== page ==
We have gotten so many emails from our readers who are confused about the different types of fat in their diets. In the cholesterol and fat section, we have used the American Heart Association's technical overview. We realize that this may be confusing. This is a simplified version, but hopefully one that is easier to understand.

Each type of fat has a different effect on the body. Sorry to say, most of these effects are not good for you. Most researchers say that only two types of fat are good for us, although they are beneficial only when eaten in moderation. So here is the simple breakdown:

Saturated Fats are solids when they at room temperature and turn to an oil when heated. Most saturated fats are animal in origin that come from meat, poultry, and dairy products. You want to limit your intake of saturated fat as much as possible. Saturated fats raise cholesterol and triglyceride levels, and some research shows that they seem to interfere with immune functioning. Two vegetable sources which you want to watch are coconut oil and palm kernel oil which are high in saturated fat even though they're plant oils.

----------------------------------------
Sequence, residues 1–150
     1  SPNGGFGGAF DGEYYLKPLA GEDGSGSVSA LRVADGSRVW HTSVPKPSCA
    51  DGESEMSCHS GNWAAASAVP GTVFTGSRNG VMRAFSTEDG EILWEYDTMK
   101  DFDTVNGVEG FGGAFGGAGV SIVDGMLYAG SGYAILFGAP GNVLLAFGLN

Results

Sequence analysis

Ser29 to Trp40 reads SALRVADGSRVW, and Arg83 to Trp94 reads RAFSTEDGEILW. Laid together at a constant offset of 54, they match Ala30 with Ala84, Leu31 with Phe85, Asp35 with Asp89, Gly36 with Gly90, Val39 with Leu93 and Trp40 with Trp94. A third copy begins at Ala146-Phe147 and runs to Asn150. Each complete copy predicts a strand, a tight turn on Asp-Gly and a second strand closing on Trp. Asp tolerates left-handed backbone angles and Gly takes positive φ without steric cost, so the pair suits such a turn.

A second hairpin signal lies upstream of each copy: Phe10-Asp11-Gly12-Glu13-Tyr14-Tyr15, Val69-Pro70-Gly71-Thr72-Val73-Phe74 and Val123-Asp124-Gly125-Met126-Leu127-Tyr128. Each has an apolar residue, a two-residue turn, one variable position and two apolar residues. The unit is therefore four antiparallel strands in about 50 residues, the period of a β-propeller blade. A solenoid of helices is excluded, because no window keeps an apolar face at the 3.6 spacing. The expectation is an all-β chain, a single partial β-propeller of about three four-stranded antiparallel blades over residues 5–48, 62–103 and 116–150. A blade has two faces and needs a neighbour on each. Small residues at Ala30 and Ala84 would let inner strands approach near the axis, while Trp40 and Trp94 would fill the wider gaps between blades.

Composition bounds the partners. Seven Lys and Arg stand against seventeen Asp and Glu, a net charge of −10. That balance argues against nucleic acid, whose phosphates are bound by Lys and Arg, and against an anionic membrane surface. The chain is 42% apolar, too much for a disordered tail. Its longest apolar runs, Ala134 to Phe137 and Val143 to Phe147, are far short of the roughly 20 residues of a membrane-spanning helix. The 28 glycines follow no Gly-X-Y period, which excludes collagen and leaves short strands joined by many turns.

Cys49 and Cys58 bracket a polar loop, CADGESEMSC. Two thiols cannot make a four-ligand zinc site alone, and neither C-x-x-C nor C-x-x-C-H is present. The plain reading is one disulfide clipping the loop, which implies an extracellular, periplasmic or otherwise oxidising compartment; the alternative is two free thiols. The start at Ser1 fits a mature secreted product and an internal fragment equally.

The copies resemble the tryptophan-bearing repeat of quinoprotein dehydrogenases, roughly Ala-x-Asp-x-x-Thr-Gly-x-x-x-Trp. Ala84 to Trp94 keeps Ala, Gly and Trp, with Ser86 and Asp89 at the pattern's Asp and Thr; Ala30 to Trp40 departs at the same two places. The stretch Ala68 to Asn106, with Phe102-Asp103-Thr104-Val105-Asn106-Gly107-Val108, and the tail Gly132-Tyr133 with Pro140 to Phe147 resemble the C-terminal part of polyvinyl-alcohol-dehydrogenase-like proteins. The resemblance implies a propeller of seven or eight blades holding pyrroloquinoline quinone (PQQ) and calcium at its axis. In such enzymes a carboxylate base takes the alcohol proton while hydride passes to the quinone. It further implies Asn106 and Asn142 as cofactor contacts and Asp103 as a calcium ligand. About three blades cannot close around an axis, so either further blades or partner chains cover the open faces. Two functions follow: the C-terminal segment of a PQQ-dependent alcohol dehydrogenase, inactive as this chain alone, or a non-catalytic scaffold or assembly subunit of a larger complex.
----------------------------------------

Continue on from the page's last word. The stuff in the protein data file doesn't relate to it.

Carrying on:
Polyunsaturated Fats originate from plant sources and are liquid at room temperature. They are considered to be a "healthier" fat because they help lower total cholesterol and triglyceride levels. Vegetable oils such as safflower, sunflower, sesame, cottonseed, and corn oil are polyunsaturated fats.

Monounsaturated Fats include olive oil, canola, and peanut oil. Oils that are high in monounsaturated fats are the "healthiest" choice of oil, as they help decrease the LDL levels or "bad" cholesterol.